approach to the patient.
N/A
8. Explain to the patient the rationale for
selecting the recommended therapeutic
approach from the considered therapeutic
alternatives.
You need to see a PCP because symptoms indicate a more serious medical condition that needs evaluation. Treatment with an antisecretory medication has failed.
OTC therapy may not be effective or appropriate.
Patient Education
9. When recommending self-care with nonprescription medications and/or nondrug
therapy, convey accurate information to
the patient.
Criterion does not apply in this case.
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10. Solicit follow-up questions from patient.
Is there an herbal medication that would relieve the symptoms?
11. Answer patient’s questions.
There is insufficient evidence for effective herbal treatments for this condition.
Your current symptoms indicate a need for prompt medical attention.
Key: N/A, not applicable; NKA, no known allergies; OTC, over-the-counter; PCP, primary care provider.
P A T I E N T
H e a r t b u r n
E D U C A T I O N
a n d
Heartburn and dyspepsia (indigestion) are often self-treatable conditions. Heartburn is characterized by a burning sensation in the
chest, usually occurring after meals. Dyspepsia is characterized by
discomfort in the upper abdomen. The objectives of self-treatment
are to (1) provide complete relief of symptoms, (2) reduce frequency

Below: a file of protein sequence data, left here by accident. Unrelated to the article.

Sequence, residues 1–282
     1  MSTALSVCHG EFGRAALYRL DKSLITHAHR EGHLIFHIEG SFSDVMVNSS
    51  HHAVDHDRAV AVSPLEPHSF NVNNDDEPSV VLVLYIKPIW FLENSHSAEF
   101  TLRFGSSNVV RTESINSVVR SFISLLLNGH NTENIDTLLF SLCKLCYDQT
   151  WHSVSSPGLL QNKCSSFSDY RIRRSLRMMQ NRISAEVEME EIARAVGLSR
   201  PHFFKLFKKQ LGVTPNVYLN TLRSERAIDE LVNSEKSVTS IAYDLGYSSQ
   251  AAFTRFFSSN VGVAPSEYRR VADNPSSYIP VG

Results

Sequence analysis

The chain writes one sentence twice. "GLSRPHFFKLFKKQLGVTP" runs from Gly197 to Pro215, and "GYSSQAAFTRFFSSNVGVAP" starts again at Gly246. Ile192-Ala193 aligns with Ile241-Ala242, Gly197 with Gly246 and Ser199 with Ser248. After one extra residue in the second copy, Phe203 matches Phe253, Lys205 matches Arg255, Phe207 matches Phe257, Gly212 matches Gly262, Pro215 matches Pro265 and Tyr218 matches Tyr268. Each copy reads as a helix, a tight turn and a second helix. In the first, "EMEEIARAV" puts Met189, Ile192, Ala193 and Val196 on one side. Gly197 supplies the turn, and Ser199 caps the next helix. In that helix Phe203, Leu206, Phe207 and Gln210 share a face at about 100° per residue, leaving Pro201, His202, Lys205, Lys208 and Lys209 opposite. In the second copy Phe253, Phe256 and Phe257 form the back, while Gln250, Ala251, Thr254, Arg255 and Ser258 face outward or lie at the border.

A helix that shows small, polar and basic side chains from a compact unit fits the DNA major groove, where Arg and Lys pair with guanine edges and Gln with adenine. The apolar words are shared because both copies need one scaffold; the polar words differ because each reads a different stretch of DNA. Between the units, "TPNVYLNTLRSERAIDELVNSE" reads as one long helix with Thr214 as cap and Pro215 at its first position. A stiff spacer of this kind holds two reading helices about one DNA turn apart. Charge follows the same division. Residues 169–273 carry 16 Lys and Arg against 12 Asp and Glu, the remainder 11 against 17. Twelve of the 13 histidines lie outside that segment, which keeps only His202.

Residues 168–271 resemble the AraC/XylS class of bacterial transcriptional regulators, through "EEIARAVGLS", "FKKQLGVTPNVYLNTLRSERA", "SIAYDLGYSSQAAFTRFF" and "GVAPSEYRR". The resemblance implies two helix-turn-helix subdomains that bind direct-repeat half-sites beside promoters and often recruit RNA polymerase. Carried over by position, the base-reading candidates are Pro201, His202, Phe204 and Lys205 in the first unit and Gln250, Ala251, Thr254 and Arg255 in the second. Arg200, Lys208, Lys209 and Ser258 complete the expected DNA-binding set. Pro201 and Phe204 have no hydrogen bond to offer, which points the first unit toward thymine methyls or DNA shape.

of intermittent episodes, (3) manage factors that contribute to the
development of symptoms, (4) prevent and manage side effects of
selected treatment, and (5) improve quality of life.
Nondrug Measures
䡲 Avoid food, beverages, and activities associated with an increased frequency and severity of symptoms.
䡲 If possible, avoid the use of medications that may aggravate
heartburn or dyspeptic symptoms.
䡲 Avoid eating large meals.
䡲 Stop or reduce smoking.
䡲 Lose weight if overweight and not pregnant.
䡲 Wear loose-fitting clothing.
䡲 If nocturnal symptoms are present:
— Avoid lying down within 3 hours of a meal.
— Elevate the head of the bed using 6-inch blocks, or use a
foam pillow wedge.
Nonprescription Medications
䡲 Store all medications at 68°F to 77°F (20°C–25°C), and protect
them from heat, humidity, and moisture. Discard after expiration date.
Antacids
䡲 Antacids (sodium bicarbonate, calcium carbonate, magnesium